Dense clouds in the sky can be seen as an excuse to feel sorrowful and gloomy or an opportunity to reflect back a glow of happiness and joy.
Weekly Photo Challenge – Dense
It’s been a while since I posted any photo bloopers so I figured it was about time for some more. Sometimes an imperfect picture needs a little modification. Here’s what I do with them. Enjoy Photo Bloopers 2!
To see more, go to one of my previous blooper posts here.
I got quite the scolding from this chickaree squirrel from its perch above me. Chickarees, otherwise known as Douglas’ squirrels, will try to defend their territory from just about anything.
Weekly Photo Challenge – Atop
Apparently some hawks think our backyard water feature is their personal smorgasbord. I often see a swoosh of wings go by as songbirds scatter. The Cooper’s hawk, and the very similar sharp-shinned hawk, are frequent visitors to our backyard. Like the jays that always seem to follow me, the Cooper’s hawk has now decided it must be one of my totem animals. I have seen them in a wide variety of habitats here in central Oregon. They always pose nicely for my camera. Here’s a bit more about them…
Range: Cooper’s hawks live throughout the United States, southern Canada, and Mexico. Their breeding range extends from southern Canada southwards to the northern parts of the U. S. They winter and live year-round in the southern and central parts of the U.S. and in Mexico.
Identification & unique characteristics: This medium-sized bird has the rounded, broad wings, and relatively long legs that help to identify it as an accipiter hawk. Adults are gray on their backs and on the upper side of their tails and wings. Their head has a darker “cap” and they have red eyes. There are thick dark bands on the tail. Their breasts have orange-reddish bars. Juvenile birds are brown on their upper parts and their breasts are streaked with brown. Their eyes are yellow. This hawk has a length of 14-18 inches and a weight of 8-14 ounces. Females are always larger. Cooper’s hawks fly in a distinctive way – a couple quick flaps and then long glides. This bird is silent much of the time though it does sometimes vocalize with a cak-cak-cak call during the breeding season.
It can be very challenging to figure out if you are seeing a Cooper’s hawk or a sharp-shinned hawk. Cooper’s hawks have a larger head, thicker legs, bigger feet, a paler back of the neck, and a rounded tail with a thicker white tip. The Northern Goshawk looks similar but it is much larger and it has a more distinct white eye stripe.
Behavior & life history: The breeding season begins as early as March. Courtship includes aerial chases and displays with gliding flights with their wings held up in a ‘V’ position. In bonded pairs, the male does a bowing display to the female before and after building the nest. Cooper’s hawks prefer to build their stick nests 25-50 feet above the ground in trees located in areas with flat habitat. Eggs are incubated for 30-36 days and the young birds are in the nest for 27-34 days. They lay 2-6 eggs. This skillful flier often sits in wait and in a sudden burst of speed captures its unsuspecting prey. They mainly eat birds but also prey on small mammals and, occasionally, frogs, snakes, and lizards. Bird prey ranges in size from warblers to robins on up to grouse (and chickens!). Cooper’s hawks live up to 12 years in the wild and as long as 20+ years in captivity. Predators of this bird include red-tailed hawks, great horned owls, and raccoons.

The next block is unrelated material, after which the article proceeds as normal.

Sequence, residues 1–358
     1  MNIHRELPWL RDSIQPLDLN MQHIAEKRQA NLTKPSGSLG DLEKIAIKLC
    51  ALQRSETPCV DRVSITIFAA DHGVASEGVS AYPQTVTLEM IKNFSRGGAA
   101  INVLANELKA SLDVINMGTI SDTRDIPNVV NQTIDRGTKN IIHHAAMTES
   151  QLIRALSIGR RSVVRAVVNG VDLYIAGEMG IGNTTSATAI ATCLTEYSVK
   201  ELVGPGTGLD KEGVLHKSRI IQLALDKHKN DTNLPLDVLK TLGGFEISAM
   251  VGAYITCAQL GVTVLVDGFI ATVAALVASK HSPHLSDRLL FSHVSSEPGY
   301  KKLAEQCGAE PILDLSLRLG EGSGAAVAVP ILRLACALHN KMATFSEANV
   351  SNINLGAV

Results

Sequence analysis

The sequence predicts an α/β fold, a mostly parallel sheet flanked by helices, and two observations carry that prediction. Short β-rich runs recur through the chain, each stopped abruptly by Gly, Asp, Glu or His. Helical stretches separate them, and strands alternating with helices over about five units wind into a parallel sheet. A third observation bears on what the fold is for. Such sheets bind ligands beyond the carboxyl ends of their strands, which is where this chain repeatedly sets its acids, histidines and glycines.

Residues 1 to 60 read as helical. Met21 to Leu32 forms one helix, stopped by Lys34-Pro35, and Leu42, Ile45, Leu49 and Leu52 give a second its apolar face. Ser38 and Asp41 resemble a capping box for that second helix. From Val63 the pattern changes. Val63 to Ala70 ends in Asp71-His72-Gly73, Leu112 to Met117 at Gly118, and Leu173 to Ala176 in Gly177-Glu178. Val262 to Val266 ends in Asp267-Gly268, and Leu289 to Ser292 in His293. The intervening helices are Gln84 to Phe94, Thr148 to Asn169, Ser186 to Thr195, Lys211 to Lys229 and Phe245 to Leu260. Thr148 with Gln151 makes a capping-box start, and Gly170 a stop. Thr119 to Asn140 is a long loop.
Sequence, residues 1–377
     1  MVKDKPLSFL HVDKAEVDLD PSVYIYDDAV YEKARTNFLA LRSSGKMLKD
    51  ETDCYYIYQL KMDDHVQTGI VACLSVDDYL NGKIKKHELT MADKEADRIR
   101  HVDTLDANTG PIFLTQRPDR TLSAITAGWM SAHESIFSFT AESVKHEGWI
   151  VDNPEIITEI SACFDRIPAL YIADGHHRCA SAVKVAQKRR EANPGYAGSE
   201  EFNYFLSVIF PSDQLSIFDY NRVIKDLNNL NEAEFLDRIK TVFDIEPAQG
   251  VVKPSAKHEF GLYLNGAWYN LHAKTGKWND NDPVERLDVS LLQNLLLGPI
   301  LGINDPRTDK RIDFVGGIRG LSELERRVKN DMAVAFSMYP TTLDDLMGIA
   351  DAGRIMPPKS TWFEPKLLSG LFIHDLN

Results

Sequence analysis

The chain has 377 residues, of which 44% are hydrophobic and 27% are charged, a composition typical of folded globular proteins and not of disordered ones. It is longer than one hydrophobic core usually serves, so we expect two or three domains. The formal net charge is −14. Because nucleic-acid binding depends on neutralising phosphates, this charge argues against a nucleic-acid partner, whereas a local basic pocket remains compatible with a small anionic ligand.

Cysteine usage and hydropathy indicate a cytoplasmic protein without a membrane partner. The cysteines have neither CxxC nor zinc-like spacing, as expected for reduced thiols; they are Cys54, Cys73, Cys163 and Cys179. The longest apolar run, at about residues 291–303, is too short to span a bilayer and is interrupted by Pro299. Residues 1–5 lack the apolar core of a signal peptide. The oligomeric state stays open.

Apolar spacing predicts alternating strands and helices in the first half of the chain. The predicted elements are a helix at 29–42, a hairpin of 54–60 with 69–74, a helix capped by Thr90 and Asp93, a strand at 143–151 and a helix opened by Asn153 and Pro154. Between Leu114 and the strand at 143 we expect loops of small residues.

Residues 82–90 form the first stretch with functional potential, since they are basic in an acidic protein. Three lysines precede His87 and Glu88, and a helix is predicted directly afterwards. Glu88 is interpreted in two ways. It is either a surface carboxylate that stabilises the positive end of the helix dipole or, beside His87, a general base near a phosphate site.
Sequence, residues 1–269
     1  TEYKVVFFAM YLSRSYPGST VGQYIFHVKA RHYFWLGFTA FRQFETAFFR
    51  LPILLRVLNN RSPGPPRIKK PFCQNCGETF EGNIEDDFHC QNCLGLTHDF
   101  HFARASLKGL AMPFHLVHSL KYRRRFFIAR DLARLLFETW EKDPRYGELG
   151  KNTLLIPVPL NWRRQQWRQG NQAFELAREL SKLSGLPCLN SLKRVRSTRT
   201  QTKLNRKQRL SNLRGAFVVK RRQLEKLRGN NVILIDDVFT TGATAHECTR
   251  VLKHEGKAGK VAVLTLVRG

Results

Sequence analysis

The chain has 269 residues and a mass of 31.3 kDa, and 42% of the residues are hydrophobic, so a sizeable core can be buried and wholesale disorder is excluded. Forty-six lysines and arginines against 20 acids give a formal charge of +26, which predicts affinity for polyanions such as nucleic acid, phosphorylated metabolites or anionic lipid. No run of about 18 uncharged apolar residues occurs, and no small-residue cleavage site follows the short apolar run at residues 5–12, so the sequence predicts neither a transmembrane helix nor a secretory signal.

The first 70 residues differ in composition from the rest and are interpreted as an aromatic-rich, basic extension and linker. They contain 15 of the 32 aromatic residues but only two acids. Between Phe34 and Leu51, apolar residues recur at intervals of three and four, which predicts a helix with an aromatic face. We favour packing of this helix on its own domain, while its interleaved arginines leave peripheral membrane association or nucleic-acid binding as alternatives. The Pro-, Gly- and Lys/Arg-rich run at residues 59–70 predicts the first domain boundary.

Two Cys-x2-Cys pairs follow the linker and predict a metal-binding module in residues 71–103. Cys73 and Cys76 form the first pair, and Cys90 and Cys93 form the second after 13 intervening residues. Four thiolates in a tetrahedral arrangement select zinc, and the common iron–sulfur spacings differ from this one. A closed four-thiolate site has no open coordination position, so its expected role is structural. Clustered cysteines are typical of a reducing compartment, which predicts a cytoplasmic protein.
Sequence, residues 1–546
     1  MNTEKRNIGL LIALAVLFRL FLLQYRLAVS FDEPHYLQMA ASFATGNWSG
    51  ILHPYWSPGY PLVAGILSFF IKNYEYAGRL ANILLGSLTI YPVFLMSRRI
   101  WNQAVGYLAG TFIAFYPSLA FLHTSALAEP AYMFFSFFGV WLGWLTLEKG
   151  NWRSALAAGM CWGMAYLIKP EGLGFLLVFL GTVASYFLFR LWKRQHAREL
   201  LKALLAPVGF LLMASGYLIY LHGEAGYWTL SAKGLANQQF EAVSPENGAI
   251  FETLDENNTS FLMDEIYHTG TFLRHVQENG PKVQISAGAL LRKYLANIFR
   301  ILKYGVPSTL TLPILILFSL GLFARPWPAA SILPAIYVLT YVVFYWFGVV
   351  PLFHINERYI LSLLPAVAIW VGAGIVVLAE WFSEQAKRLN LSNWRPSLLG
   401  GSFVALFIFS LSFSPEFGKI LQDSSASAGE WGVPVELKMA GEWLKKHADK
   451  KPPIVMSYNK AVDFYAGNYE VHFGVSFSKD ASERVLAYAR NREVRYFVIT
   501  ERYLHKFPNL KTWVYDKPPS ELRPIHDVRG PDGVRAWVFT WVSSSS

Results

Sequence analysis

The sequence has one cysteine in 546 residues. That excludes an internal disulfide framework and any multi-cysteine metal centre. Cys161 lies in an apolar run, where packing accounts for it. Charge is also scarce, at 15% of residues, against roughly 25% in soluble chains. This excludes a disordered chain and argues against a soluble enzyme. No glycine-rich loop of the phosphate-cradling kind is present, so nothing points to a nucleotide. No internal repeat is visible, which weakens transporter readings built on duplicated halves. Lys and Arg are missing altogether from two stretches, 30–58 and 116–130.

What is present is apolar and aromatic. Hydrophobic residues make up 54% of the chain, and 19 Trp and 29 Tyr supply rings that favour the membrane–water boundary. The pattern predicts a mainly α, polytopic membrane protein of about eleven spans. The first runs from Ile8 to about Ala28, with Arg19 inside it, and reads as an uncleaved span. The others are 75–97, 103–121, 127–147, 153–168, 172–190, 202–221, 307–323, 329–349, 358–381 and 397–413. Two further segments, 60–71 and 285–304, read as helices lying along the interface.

Habitat needs: Cooper’s hawks live in a wide variety of habitats that include mature forests, mixed woodlands, edges near wetlands, and in open country. They prefer to live in forested lands but are now common in urban and suburban areas. This may be due, in part, to the abundance of rock pigeons, one of their favorite prey species. This bird and other birds of prey are also attracted to backyard feeders.
Status & conservation: This hawk’s population is considered stable at this time. In the past, Cooper’s hawks were adversely affected by the pesticide DDT but after it was banned in 1972 their numbers increased. Since they prey on chickens, they were heavily hunted in the past. One of their names is “chicken hawk.” Cooper’s hawk populations may be affected by habitat loss and degradation.
Interesting fact: Cooper’s hawks do not have the notched bill that helps falcons kill their prey. They kill their prey by squeezing it and sometimes they even hold it under water to drown it.
Sometimes an artist’s greatest wish is that others will be able to see the emotion and spirit of a place in their work. I hope you can feel some of what I was trying to capture in this photo from Yellowstone National Park.
Art is about expressing the true nature of the human spirit in whatever way one wishes to express it. If it is honest, it is beautiful. If it is not honest, it is obvious.
Weekly Photo Challenge – Wish
A sky streaked with clouds frames Fort Rock, rising from the sagebrush sea in central Oregon. This is the view from a cave where ancient sandals made from sagebrush were found. Sandals and other artifacts found there were determined to be 9,300-10,250 years old. Walking from the cave back towards the mountain, you can almost imagine some of the sights ancient people may have seen.
For more about the cave, visit my post. Read more about the excellent Fort Rock Valley Historical Society Homestead Village Museum, on another one of my posts.
Weekly Photo Challenge – The road taken